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Nothing to ECB Here, Move Along

Karl Schamotta July 26, 2018

In a widely-telegraphed decision, the European Central Bank kept interest rates on hold, and policymakers reiterated a conditional commitment to lower asset purchases to zero by year end. The Governing Council said that it “expects the key ECB interest rates to remain at their present levels at least through the summer of 2019, and in any case for as long as necessary to ensure the continued sustained convergence of inflation to levels that are below, but close to, 2 percent over the medium term” – aligning with the message originally communicated at the Bank’s June update.

The Bank also repeated earlier language, saying, “after September 2018, subject to incoming data confirming the Governing Council’s medium-term inflation outlook, the monthly pace of the net asset purchases will be reduced to €15 billion until the end of December 2018 and that net purchases will then end”.

In the press conference, President Mario Draghi (wearing a purple tie) said that “uncertainty around the inflation outlook is receding”, suggesting that price growth is expected to pick up toward the end of the year.

The common currency remains well-supported after a meeting between Donald Trump and European Commission President Jean-Claude Juncker, in which the two agreed to a de-escalation in trade tensions. According to published reports, the Europeans will consider buying American soybeans and liquified natural gas (LNG), and will enter into negotiations aimed at reducing tariffs on non-automotive industrial products. In return, Trump agreed to refrain from imposing car tariffs.

The reality, of course, is much more messy.

The European Commission ostensibly manages trade policy on behalf of the European Union’s member countries, but its decisions must ultimately survive ratification by 38 national and regional parliaments. Both the Walloon assembly in Namur and the French community in Brussels temporarily vetoed the Comprehensive Economic and Trade Agreement, and countries like Austria and Italy have dragged their heels on ratification.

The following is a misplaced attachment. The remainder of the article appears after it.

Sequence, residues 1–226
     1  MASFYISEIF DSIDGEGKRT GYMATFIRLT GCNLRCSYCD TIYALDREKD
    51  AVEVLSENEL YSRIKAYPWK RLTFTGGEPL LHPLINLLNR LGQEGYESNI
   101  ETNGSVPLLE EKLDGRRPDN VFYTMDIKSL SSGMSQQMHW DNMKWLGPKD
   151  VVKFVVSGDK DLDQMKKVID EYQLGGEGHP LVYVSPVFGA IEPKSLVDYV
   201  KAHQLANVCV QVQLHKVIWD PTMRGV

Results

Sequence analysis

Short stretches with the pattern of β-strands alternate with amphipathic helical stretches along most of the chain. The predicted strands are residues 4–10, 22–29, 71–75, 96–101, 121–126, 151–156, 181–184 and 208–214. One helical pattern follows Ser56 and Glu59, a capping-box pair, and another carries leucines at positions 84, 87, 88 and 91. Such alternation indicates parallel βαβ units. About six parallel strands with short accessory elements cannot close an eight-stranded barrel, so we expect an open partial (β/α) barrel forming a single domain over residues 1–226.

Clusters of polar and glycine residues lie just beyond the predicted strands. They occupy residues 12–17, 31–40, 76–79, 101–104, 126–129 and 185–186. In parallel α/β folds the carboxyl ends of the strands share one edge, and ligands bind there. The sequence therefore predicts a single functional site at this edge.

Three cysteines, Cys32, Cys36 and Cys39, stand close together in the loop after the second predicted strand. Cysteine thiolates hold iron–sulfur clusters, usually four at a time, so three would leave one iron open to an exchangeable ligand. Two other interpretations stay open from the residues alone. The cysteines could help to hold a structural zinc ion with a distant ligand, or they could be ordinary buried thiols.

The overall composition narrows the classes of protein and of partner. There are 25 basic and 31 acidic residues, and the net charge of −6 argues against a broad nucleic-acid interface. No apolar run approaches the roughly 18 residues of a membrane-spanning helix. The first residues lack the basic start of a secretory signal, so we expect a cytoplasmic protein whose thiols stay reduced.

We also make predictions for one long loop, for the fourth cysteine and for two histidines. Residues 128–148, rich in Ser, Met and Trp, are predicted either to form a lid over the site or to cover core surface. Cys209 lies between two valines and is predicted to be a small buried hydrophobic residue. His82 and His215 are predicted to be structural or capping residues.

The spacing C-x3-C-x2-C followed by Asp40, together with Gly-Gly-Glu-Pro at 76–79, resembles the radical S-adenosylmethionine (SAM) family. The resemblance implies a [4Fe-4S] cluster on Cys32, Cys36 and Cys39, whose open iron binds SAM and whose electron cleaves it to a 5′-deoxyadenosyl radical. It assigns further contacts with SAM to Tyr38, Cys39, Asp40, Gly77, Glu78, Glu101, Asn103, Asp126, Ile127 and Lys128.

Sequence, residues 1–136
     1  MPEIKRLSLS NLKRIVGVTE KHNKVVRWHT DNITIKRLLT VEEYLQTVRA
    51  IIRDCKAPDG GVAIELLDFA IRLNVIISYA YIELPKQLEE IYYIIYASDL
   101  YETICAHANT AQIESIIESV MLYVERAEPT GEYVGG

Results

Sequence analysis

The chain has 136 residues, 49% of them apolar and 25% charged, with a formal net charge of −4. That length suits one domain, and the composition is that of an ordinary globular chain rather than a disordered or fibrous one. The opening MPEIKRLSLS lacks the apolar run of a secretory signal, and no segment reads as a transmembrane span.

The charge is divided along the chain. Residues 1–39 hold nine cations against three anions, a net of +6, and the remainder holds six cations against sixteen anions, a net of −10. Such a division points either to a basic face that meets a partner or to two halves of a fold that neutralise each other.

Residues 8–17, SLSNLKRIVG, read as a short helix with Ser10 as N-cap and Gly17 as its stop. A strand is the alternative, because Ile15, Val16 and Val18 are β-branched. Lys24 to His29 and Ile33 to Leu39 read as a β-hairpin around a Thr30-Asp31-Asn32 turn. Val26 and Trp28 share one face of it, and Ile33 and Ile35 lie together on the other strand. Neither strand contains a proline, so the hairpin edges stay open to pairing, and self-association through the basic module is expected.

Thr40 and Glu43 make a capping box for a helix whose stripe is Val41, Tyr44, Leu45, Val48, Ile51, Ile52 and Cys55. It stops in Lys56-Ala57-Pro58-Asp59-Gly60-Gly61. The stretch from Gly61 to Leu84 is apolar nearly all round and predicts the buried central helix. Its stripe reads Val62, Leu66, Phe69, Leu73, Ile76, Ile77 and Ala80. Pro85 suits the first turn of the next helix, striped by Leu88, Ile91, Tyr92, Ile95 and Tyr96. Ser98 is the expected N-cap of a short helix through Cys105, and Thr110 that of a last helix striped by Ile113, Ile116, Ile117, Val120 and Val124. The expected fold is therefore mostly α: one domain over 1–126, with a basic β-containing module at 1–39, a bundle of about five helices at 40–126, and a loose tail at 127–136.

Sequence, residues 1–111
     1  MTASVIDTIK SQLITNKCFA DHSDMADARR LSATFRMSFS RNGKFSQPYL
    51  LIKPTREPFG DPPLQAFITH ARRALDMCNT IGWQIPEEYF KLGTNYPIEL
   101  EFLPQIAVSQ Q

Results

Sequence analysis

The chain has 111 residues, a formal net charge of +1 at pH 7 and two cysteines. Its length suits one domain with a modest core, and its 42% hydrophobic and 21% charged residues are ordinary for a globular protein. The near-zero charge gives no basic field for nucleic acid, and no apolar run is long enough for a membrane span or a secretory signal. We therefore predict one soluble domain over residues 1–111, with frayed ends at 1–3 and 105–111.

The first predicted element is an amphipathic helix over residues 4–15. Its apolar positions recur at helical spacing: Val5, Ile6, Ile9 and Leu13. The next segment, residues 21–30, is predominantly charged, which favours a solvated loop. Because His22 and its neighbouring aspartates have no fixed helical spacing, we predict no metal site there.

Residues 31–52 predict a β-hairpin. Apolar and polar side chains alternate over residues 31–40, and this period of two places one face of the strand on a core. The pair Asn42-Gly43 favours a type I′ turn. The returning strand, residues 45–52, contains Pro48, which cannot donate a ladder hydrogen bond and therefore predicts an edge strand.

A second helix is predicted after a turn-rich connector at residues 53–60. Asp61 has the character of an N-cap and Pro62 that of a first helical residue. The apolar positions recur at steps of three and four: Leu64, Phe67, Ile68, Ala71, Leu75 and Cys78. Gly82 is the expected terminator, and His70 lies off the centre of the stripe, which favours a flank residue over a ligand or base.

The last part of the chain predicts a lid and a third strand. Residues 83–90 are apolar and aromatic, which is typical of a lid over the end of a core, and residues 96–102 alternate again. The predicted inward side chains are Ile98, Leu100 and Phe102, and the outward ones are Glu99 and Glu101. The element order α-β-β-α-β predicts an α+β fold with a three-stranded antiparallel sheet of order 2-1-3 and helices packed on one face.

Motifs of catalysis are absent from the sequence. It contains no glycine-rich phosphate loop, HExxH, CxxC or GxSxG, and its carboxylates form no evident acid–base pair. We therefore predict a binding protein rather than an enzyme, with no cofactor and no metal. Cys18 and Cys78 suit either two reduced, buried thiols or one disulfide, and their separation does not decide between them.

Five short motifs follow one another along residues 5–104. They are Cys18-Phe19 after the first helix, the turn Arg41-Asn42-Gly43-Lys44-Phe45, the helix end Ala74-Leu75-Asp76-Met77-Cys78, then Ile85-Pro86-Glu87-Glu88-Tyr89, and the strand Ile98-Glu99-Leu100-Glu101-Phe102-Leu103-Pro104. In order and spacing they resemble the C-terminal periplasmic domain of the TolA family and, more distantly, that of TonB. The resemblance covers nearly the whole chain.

Tariffs are not currently applied against soybeans, and the Commission has very little influence over buying decisions. With China currently shifting its purchases to Brazil, European buyers were already likely to shift to American producers, but the economic bloc simply doesn’t have enough demand to offset the Asian country’s purchases – China’s soybean imports last year were roughly six times larger.

European LNG imports are increasing, but again, shipments from the United States will be dictated by demand and supply conditions – not through the trade policy channel.

In short, Juncker seems to have sold President a bridge – and (beyond proving that political leverage works on Trump) if you believe that this agreement brings the ‘trade wars’ narrative to an end, we have one to sell as well…

Bottom Line: After a clear communication of intentions in June, market expectations were low going into today’s European Central Bank meeting – indeed, traders were arguably more focused on Mario Draghi’s tie colour than on his comments. Instead, with exports brought forward ahead of tariff deadlines and major uncertainties clouding the activity outlook, tomorrow’s second-quarter gross domestic product number in the United States is likely to introduce exchange rate volatility. Markets remain heavily long-dollar, and modestly short-euro – suggesting that positions could rationalize somewhat in the coming weeks as the trade war narrative fades and economies outside the United States begin to catch up.

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